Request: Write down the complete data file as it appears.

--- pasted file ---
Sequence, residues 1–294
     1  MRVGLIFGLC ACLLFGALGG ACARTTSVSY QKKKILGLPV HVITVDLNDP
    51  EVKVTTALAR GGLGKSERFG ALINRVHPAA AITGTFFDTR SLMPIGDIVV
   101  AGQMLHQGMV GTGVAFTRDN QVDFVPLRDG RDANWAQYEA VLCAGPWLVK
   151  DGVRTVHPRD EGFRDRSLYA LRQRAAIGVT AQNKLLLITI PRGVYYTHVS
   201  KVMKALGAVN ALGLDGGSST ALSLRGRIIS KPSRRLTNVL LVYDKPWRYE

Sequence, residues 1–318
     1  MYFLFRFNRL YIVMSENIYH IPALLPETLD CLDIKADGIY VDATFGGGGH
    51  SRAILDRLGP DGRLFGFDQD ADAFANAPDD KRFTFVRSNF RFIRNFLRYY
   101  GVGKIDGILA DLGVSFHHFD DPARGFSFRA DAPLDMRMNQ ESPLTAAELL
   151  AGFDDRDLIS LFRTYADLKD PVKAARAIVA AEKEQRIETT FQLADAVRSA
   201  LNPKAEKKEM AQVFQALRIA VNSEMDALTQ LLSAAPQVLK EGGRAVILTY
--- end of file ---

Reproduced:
Sequence, residues 1–294
     1  MRVGLIFGLC ACLLFGALGG ACARTTSVSY QKKKILGLPV HVITVDLNDP
    51  EVKVTTALAR GGLGKSERFG ALINRVHPAA AITGTFFDTR SLMPIGDIVV
   101  AGQMLHQGMV GTGVAFTRDN QVDFVPLRDG RDANWAQYEA VLCAGPWLVK
   151  DGVRTVHPRD EGFRDRSLYA LRQRAAIGVT AQNKLLLITI PRGVYYTHVS
   201  KVMKALGAVN ALGLDGGSST ALSLRGRIIS KPSRRLTNVL LVYDKPWRYE

Sequence, residues 1–318
     1  MYFLFRFNRL YIVMSENIYH IPALLPETLD CLDIKADGIY VDATFGGGGH
    51  SRAILDRLGP DGRLFGFDQD ADAFANAPDD KRFTFVRSNF RFIRNFLRYY
   101  GVGKIDGILA DLGVSFHHFD DPARGFSFRA DAPLDMRMNQ ESPLTAAELL
   151  AGFDDRDLIS LFRTYADLKD PVKAARAIVA AEKEQRIETT FQLADAVRSA
   201  LNPKAEKKEM AQVFQALRIA VNSEMDALTQ LLSAAPQVLK EGGRAVILTY